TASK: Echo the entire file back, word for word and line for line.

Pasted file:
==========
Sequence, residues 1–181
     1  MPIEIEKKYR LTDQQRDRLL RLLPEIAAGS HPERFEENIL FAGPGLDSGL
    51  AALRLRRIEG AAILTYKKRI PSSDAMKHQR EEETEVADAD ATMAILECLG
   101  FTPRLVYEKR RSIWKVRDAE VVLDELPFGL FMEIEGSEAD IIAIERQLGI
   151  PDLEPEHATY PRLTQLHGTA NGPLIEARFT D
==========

Sequence, residues 1–181
     1  MPIEIEKKYR LTDQQRDRLL RLLPEIAAGS HPERFEENIL FAGPGLDSGL
    51  AALRLRRIEG AAILTYKKRI PSSDAMKHQR EEETEVADAD ATMAILECLG
   101  FTPRLVYEKR RSIWKVRDAE VVLDELPFGL FMEIEGSEAD IIAIERQLGI
   151  PDLEPEHATY PRLTQLHGTA NGPLIEARFT D